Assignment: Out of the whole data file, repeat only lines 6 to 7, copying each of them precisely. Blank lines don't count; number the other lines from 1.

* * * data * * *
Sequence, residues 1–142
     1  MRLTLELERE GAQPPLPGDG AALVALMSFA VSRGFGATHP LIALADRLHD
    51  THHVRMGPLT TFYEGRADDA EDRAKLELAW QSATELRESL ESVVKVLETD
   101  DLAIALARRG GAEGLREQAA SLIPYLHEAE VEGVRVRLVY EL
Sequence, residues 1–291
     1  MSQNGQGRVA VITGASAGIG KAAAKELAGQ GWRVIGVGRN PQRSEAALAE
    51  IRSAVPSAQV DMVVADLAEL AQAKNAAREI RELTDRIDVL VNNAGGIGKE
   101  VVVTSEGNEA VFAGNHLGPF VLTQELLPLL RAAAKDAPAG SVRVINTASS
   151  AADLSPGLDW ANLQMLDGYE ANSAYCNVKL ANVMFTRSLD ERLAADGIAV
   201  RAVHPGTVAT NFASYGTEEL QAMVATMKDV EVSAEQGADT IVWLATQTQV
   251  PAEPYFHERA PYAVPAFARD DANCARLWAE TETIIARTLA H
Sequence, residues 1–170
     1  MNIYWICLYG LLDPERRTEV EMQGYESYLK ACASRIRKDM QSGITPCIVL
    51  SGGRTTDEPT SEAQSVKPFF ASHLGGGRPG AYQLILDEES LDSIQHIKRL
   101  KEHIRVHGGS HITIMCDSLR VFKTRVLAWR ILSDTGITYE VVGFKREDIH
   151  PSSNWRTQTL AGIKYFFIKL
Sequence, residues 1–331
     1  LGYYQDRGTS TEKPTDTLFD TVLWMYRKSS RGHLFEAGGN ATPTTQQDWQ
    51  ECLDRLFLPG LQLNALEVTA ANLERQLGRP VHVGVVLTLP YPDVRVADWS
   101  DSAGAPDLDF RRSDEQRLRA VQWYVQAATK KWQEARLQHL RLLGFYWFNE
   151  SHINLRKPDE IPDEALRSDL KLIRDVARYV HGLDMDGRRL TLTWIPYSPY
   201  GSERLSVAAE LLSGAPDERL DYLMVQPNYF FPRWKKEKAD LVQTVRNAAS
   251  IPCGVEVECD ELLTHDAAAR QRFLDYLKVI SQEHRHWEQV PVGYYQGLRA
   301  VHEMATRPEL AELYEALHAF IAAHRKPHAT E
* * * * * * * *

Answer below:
     1  MSQNGQGRVA VITGASAGIG KAAAKELAGQ GWRVIGVGRN PQRSEAALAE
    51  IRSAVPSAQV DMVVADLAEL AQAKNAAREI RELTDRIDVL VNNAGGIGKE